There is a pale midline showing, the first antennal segment is comparatively long and strongly curved and the middle legs in particular are very long. There are no pale marks/white spots to the front of the pronotum (also present in nymphs). I can't see the metanotum clearly but the other characters ought to be enough. If it is a nymph that is already the adult size for Microvelia then it is likely that it will achieve a larger size as an adult.
So, I've strung the whole damn thing, fooling myself but thankfully not the expert! And, when you break it down as they have, it's pretty bloody obvious too. What do I need to take away from this (other than a red face and a big pointy hat with a 'D" on it?) Well firstly I need to run through keys from the beginning rather than from genus. The trouble with being a PSLer is that it means you know a bit about most things but aren't necessarily expert in any of them. And a bit of knowledge, as the saying goes, can be a dangerous thing. I also need to stop if something isn't fitting and start again. Keys aren't infallible but they are usually pretty good when it comes to stuff like tarsal segments.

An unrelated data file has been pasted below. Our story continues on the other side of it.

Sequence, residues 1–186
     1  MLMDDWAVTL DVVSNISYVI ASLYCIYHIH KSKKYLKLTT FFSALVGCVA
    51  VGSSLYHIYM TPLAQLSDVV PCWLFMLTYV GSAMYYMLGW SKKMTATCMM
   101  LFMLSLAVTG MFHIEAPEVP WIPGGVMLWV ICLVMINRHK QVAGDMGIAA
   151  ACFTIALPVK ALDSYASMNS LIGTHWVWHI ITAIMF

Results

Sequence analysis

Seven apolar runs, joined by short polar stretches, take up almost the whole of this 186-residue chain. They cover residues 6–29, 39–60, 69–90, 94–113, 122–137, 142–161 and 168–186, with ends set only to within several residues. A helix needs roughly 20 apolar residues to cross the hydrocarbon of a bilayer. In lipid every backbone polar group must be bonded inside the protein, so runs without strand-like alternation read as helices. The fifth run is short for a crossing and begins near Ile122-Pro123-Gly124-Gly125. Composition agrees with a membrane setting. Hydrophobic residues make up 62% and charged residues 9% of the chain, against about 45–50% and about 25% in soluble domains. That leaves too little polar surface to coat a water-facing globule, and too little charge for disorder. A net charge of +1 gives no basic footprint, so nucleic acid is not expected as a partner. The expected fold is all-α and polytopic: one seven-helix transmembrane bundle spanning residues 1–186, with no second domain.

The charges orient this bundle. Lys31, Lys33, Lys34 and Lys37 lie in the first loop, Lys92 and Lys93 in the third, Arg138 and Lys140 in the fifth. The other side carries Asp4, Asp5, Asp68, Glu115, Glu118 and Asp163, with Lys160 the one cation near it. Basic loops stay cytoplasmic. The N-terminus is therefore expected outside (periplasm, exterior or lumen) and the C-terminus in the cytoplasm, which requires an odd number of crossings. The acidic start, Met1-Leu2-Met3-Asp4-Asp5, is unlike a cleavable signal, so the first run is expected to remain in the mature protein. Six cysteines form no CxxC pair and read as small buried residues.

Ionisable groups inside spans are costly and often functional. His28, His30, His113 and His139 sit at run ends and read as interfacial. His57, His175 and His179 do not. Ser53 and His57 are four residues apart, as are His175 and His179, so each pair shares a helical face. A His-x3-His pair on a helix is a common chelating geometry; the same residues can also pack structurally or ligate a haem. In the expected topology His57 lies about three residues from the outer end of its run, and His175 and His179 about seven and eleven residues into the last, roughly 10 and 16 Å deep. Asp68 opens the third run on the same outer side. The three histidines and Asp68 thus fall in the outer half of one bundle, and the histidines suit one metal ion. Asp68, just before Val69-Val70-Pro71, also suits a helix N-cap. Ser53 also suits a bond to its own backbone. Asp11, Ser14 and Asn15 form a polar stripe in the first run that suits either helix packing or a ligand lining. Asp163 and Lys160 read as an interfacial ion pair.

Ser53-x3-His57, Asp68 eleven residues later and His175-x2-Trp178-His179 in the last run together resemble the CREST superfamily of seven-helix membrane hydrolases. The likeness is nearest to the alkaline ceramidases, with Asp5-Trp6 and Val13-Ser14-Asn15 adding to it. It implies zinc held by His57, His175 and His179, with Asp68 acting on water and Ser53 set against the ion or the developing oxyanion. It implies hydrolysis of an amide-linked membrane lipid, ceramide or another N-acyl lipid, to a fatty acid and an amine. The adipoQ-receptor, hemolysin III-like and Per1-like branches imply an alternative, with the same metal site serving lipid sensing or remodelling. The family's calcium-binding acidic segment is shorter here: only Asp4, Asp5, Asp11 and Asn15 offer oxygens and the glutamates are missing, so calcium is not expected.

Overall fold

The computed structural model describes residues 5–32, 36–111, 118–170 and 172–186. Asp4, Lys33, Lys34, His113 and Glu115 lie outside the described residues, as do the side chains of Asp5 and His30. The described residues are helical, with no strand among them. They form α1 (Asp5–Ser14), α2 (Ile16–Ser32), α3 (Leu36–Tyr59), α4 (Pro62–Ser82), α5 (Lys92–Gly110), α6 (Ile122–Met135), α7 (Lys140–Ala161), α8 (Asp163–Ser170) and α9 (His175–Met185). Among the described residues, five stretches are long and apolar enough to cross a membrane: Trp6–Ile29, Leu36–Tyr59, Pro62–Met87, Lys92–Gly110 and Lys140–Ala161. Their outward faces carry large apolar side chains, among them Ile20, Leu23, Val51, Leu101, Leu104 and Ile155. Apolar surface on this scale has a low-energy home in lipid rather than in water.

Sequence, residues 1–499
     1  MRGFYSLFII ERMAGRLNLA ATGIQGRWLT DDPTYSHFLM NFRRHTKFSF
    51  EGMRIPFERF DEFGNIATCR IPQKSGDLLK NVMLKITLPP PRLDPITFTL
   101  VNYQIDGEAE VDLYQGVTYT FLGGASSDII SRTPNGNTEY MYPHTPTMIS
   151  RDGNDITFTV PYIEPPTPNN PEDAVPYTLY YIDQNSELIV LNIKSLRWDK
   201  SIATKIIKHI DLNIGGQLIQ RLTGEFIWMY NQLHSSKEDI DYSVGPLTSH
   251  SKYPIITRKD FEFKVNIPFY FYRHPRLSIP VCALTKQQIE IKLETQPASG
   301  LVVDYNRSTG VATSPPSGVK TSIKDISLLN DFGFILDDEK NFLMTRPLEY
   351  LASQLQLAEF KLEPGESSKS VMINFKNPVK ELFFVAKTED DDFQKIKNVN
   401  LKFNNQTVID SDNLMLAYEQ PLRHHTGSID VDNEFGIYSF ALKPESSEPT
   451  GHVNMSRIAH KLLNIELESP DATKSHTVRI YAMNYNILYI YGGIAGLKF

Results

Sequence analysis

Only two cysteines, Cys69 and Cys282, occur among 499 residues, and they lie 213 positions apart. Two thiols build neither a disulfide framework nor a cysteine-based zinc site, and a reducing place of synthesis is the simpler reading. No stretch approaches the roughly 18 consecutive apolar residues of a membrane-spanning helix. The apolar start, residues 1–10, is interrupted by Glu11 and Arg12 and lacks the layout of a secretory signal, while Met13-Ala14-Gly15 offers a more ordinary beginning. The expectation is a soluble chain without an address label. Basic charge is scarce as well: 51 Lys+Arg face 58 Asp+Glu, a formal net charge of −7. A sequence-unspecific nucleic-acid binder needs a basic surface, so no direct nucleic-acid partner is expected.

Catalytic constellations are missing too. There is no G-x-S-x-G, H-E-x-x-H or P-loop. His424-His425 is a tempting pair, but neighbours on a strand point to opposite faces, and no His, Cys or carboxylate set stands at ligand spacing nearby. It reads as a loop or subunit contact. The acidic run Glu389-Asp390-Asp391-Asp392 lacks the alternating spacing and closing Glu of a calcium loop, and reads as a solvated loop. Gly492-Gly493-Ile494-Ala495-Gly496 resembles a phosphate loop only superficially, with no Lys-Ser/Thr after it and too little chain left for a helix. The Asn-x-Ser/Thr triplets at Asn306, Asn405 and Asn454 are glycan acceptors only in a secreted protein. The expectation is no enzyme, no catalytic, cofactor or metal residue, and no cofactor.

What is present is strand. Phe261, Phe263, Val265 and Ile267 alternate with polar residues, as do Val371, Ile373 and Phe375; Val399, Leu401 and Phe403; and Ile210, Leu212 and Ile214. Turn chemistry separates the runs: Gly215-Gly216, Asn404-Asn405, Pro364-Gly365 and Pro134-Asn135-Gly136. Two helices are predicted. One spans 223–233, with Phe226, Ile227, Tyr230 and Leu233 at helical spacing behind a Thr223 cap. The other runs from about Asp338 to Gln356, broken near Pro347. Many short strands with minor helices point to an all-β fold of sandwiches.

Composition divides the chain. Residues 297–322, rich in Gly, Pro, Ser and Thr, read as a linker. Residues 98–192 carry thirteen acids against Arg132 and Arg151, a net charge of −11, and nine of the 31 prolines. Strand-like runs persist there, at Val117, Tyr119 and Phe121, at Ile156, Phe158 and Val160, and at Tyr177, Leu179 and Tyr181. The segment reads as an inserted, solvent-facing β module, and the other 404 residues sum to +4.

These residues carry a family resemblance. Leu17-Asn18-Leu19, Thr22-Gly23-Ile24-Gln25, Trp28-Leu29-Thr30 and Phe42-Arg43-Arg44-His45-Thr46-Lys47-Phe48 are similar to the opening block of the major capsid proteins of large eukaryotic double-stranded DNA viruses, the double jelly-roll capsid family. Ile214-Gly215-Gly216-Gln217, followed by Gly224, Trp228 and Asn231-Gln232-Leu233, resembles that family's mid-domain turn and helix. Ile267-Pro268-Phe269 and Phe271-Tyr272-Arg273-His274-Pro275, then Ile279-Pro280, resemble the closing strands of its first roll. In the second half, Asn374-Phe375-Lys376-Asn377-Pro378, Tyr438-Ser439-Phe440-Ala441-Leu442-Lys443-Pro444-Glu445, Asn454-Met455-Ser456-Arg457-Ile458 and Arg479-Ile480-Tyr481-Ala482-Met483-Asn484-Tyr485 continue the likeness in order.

So I got it wrong. I could beat myself up about it (in fact I already am - I can't help that) or I could say, hey - the process works. The recorder picked up on a suspect record and was proven right. It's an embarrassing episode for me, brand new recorder and I've chumped out already. But this is good, in a way. It means that I will be more stringent with future records, more rigorous with the keys and hopefully become a better recorder and naturalist for it. Yes I'd love to see 10,000 species in Britain. Yes I do try to find new species for my list. Yes I do intend to put Uig on the biological map. But not with duff records and misidentified species.